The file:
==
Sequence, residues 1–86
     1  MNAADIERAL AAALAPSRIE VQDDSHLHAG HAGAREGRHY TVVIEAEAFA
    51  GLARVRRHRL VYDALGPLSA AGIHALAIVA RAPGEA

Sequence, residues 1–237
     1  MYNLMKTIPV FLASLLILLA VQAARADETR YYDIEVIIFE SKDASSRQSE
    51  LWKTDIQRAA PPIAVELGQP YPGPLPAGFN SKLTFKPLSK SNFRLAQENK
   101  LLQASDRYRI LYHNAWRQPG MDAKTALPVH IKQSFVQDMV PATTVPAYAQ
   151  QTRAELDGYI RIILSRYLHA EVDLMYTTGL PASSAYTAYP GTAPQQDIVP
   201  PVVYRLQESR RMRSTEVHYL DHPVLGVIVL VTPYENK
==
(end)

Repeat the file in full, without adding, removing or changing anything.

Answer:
Sequence, residues 1–86
     1  MNAADIERAL AAALAPSRIE VQDDSHLHAG HAGAREGRHY TVVIEAEAFA
    51  GLARVRRHRL VYDALGPLSA AGIHALAIVA RAPGEA

Sequence, residues 1–237
     1  MYNLMKTIPV FLASLLILLA VQAARADETR YYDIEVIIFE SKDASSRQSE
    51  LWKTDIQRAA PPIAVELGQP YPGPLPAGFN SKLTFKPLSK SNFRLAQENK
   101  LLQASDRYRI LYHNAWRQPG MDAKTALPVH IKQSFVQDMV PATTVPAYAQ
   151  QTRAELDGYI RIILSRYLHA EVDLMYTTGL PASSAYTAYP GTAPQQDIVP
   201  PVVYRLQESR RMRSTEVHYL DHPVLGVIVL VTPYENK